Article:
Mathematics competitions began as inter-school competitions in the Austro-Hungarian Empire in the 19th century. The modern era of mathematics competitions began in 1959 when the first International Mathematical Olympiad was held in Romania among 7 Soviet Bloc countries. Each country was allowed to send up to 8 contestants and there were 6 questions, with various scores per question, adding to a total of 40 marks. All of the early competitions were relatively small and the first country from outside Eastern Europe to enter was Mongolia, in 1964. Finland sent a team in 1965 and gradually the competition expanded to include a number of other European teams, reaching 13 teams in 1967. The first team from the Americas to compete was Cuba, which joined in 1971. Vietnam entered a team in 1974, becoming the first country from South-East Asia. In 1975, the USA joined the competition with Algeria becoming the first African participating nation in 1977, by which time the number of competing countries has reached 21 countries.
1979 saw the first South American involvement, with Brazil entering, and in 1981, all continents were represented, with the addition of an Australian team as well as further teams from Africa and South America. This year also saw some standardising of the competition with each of the six questions worth exactly 7 marks giving the now familiar total of 42 as a possible maximum score per contestant.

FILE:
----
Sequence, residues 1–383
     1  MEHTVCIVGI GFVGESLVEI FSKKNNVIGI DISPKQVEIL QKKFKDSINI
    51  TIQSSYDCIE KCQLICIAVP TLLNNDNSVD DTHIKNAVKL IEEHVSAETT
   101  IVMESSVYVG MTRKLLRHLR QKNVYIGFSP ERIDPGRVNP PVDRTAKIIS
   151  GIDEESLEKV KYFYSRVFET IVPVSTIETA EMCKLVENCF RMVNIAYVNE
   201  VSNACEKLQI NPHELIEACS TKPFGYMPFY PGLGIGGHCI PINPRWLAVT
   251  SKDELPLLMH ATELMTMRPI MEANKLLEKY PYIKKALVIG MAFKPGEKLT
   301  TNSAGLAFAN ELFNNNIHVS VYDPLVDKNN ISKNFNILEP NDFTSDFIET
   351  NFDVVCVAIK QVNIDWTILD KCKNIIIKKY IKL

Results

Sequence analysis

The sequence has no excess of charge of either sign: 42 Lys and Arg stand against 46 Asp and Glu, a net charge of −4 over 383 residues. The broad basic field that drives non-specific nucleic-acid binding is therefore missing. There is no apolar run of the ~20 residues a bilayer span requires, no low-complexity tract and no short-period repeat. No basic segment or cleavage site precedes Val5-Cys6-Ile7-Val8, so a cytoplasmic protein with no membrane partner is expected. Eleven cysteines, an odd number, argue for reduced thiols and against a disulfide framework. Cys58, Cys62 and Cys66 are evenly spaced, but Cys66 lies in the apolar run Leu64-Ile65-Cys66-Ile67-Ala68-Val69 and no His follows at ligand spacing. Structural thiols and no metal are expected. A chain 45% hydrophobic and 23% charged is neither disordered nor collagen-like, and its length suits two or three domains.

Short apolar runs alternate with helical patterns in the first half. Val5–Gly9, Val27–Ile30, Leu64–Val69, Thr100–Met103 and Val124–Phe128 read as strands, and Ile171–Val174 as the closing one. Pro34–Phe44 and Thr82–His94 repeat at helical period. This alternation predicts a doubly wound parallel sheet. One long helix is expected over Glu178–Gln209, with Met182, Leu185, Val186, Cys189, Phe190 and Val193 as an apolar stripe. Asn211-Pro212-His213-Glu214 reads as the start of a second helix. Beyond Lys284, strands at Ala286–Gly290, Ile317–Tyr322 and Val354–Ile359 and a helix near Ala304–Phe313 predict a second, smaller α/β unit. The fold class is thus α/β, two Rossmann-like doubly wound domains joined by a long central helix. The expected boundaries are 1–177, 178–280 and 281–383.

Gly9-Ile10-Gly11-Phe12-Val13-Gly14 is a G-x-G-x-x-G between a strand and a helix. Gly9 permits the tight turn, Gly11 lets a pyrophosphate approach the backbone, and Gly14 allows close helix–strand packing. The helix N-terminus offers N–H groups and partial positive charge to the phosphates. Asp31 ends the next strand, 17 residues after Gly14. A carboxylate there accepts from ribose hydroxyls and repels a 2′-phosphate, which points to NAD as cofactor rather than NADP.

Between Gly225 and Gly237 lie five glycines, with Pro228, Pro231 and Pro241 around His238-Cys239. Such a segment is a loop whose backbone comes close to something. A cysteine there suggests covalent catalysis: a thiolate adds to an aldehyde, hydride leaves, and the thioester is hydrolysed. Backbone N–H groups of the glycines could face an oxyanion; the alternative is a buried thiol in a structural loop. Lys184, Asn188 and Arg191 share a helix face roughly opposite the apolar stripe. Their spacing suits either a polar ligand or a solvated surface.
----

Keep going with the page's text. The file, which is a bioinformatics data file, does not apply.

Following a brief experiment with teams of 4 in 1982, the current standard team size of six was adopted in 1983. The competition now started to expand rapidly, reaching 50 countries in 1989 and exceeding 100 countries for the first time in 2009.
The only year since 1959 in which an official contest has not been held was in 1980. Two unofficial IMO substitute events were held in 1980. The IMO “site committee” was set up to try to ensure that there would be an IMO every year, and this committee later became the “IMO Advisory Board”. With South Africa hosting the 2014 competition, the event will have travelled to every continent and there is keen competition to host future events with hosts determined four to five years ahead of the competition.
From the outset, the aim of the competition has been to support school-age mathematicians to develop their problem solving skills. Contestants must not be formally enrolled in a university course. Questions are chosen from the four topic areas of Algebra, Combinatorics, Geometry and Number Theory and there is no requirement or expectation that students should be able to use Calculus. All past results are available on the official IMO website and stories of some particular students’ achievements can be found in the People section of this site.
Where has the IMO been, and where is it going?
Here is a list of the countries which have hosted or will host the IMO:
1964 Union of Soviet Socialist Republics
1965 German Democratic Republic (East Germany)
1968 Union of Soviet Socialist Republics
1973 Union of Soviet Socialist Republics
1974 German Democratic Republic (East Germany)
1979 United Kingdom
1980 no IMO
1981 United States of America
1989 Federal Republic of Germany (West Germany)
1990 People’s Republic of China
1992 Russian Federation
1994 Hong Kong
2000 Republic of Korea (South Korea)
2001 United States of America
2002 United Kingdom
2011 The Netherlands
2014 South Africa
2016 Hong Kong
2019 United Kingdom
2020 Russian Federation